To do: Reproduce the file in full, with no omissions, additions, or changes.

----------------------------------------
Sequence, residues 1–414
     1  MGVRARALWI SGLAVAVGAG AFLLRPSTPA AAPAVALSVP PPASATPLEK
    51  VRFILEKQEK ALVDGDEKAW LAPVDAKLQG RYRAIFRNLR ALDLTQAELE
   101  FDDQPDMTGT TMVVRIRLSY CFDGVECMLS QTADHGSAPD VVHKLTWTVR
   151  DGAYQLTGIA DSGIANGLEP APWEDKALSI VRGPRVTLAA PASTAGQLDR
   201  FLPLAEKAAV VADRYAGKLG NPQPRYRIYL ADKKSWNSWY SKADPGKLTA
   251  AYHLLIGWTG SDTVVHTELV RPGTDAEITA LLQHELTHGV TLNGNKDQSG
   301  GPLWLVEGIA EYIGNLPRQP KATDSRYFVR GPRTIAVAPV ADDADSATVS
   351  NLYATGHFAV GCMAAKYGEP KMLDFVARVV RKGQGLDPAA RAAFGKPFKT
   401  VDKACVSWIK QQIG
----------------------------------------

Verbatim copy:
Sequence, residues 1–414
     1  MGVRARALWI SGLAVAVGAG AFLLRPSTPA AAPAVALSVP PPASATPLEK
    51  VRFILEKQEK ALVDGDEKAW LAPVDAKLQG RYRAIFRNLR ALDLTQAELE
   101  FDDQPDMTGT TMVVRIRLSY CFDGVECMLS QTADHGSAPD VVHKLTWTVR
   151  DGAYQLTGIA DSGIANGLEP APWEDKALSI VRGPRVTLAA PASTAGQLDR
   201  FLPLAEKAAV VADRYAGKLG NPQPRYRIYL ADKKSWNSWY SKADPGKLTA
   251  AYHLLIGWTG SDTVVHTELV RPGTDAEITA LLQHELTHGV TLNGNKDQSG
   301  GPLWLVEGIA EYIGNLPRQP KATDSRYFVR GPRTIAVAPV ADDADSATVS
   351  NLYATGHFAV GCMAAKYGEP KMLDFVARVV RKGQGLDPAA RAAFGKPFKT
   401  VDKACVSWIK QQIG